• Do you have a link for the data sheet for the Si pmt? – George Herold Apr 26 '17 at 19:53
• Here's a link to the product page which has links to the user manual and datasheet: sensl.com/products/j-series – user101402 Apr 26 '17 at 20:23
• Your outputs now appear to be clipping - you should reduce your transimpedance gain. – Peter Apr 26 '17 at 21:23
• I ran some numbers with MATLAB, focusing on the feedback resistance (100 and 50 ohms) and capacitance at 12pF. If I reduce the resistance, and reduce the output gain and improve clipping, the cutoff frequency would be affected, reducing it from around 7.8 MHz to 1.56 MHz and the overall bandwidth. However, with the relatively large capacitance, and with the cutoff frequency being in the range of MHz, it really shouldn't matter too much in terms of noise cancellation? – user101402 Apr 27 '17 at 15:02
• Sorry, I screwed up. Reducing the resistance from 100 to 50 ohms would increase the cutoff frequency from 78 MHz to 156.9 MHz, widening the bandwidth and allowing more noise. – user101402 Apr 27 '17 at 15:38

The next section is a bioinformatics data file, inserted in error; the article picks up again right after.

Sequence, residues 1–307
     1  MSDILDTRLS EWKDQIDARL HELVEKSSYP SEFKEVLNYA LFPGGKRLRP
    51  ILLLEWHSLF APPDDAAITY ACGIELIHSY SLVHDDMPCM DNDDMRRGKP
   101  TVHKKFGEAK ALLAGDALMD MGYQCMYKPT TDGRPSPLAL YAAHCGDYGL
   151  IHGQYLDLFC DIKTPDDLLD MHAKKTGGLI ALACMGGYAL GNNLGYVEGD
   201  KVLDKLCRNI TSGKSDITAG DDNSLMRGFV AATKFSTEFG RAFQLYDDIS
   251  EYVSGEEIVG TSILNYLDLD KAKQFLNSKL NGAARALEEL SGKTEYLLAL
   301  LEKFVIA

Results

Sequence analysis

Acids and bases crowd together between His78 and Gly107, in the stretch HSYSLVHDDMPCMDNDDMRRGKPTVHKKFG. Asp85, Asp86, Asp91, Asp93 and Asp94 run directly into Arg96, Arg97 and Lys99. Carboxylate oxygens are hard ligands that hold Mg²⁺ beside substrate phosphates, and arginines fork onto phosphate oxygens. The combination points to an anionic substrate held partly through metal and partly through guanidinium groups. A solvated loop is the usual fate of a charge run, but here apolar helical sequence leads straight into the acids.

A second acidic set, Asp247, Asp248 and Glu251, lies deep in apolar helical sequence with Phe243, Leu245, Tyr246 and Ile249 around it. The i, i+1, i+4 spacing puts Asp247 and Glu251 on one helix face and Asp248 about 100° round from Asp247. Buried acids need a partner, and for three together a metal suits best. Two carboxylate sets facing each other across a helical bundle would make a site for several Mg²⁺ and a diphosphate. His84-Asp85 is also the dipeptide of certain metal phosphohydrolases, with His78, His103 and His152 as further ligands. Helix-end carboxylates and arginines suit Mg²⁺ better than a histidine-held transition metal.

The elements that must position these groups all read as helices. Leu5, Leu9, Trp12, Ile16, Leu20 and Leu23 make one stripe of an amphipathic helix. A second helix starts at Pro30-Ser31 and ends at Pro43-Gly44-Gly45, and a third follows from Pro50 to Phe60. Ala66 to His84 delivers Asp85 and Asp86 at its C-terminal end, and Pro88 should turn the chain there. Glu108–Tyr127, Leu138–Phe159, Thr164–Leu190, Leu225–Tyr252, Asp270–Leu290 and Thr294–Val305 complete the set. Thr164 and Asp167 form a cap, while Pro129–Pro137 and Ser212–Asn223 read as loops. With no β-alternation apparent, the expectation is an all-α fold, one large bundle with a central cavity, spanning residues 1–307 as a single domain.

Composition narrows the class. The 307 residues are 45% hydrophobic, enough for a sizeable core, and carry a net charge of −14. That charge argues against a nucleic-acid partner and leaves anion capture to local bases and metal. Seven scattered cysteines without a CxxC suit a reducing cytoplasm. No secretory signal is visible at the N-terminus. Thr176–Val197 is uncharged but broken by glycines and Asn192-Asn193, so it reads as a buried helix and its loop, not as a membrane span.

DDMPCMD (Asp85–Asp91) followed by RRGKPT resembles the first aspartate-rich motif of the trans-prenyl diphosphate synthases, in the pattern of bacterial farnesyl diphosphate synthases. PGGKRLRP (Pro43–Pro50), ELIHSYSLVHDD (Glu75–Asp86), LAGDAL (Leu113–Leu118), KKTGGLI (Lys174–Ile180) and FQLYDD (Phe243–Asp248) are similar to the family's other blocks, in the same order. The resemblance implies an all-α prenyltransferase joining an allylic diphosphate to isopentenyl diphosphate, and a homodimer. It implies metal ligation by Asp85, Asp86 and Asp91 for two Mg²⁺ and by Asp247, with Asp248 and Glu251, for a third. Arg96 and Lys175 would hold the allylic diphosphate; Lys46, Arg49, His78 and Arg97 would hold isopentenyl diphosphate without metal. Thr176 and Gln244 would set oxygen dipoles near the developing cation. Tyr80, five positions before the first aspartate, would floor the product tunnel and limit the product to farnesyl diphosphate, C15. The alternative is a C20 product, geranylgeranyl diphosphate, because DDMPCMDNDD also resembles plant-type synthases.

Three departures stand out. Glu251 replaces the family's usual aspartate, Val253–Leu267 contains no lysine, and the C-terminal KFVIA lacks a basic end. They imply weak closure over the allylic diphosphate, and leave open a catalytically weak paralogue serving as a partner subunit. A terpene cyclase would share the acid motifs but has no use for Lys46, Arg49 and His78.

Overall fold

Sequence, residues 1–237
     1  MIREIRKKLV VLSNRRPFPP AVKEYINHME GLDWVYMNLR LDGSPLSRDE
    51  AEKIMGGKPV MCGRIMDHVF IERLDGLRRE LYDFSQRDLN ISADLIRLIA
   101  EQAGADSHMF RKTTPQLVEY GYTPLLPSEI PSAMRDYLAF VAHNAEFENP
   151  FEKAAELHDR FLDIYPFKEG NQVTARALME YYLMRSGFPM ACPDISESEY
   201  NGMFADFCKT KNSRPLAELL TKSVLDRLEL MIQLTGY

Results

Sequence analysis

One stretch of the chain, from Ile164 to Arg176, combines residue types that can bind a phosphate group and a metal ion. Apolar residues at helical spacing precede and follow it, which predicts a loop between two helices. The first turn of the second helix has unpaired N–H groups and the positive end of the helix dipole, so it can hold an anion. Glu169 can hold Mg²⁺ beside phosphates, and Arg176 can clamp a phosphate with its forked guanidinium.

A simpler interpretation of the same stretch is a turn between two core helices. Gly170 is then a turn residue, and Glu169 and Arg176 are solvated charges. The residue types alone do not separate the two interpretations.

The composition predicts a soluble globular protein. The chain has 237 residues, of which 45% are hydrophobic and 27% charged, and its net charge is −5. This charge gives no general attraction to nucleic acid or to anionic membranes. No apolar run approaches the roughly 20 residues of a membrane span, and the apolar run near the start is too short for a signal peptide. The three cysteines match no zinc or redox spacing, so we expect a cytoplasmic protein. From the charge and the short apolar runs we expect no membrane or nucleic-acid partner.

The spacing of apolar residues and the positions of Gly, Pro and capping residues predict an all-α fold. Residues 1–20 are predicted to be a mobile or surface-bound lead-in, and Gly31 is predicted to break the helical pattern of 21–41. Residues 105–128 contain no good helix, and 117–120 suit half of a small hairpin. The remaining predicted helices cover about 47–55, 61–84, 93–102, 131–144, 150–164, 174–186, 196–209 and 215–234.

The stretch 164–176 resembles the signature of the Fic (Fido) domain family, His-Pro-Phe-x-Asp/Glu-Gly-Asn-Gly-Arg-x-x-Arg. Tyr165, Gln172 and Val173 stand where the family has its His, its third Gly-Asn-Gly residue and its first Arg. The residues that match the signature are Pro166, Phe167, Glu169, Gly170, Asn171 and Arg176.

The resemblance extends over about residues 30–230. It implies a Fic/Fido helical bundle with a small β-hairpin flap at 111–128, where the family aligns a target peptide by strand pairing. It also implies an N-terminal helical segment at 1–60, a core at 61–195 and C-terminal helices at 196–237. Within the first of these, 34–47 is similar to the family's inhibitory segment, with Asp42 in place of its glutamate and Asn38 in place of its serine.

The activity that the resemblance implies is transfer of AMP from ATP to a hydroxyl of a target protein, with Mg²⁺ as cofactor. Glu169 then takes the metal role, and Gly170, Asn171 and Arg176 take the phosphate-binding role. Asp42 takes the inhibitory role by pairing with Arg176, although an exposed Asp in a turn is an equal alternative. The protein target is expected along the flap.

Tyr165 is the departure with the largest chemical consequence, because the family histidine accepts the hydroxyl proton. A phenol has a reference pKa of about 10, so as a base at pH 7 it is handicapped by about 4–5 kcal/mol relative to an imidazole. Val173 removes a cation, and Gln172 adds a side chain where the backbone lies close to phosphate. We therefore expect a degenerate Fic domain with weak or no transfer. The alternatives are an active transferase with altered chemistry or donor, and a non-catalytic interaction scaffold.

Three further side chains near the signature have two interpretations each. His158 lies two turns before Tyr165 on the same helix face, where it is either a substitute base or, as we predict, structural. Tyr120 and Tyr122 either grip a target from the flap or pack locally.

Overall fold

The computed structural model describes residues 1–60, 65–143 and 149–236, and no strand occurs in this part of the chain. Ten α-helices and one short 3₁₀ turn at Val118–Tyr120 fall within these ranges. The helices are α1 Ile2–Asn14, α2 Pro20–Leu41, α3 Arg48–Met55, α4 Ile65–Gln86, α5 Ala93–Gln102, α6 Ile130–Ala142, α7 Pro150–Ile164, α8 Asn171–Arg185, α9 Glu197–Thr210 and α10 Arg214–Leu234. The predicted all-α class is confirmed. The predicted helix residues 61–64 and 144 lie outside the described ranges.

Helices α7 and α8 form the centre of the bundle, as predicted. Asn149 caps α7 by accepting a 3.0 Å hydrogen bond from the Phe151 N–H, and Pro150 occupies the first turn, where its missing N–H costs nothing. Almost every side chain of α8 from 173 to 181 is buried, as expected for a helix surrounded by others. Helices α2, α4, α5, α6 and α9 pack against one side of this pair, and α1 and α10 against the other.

Glad to see somebody else is using silicon photomultipliers! They are nifty devices, I've been playing with them recently on a project.

First off, I'm not seeing a bias across the device - remember, you have to bias the silicon photomultiplier past its avalanche breakdown point to get any avalanching in response to photons. While the SPICE model may give you a current pulse when you trigger the fire input, this is not the real behaviour of the device. In your case, the grounded cathode should instead be raised up to about 27.5V to bias the SensL device into operation.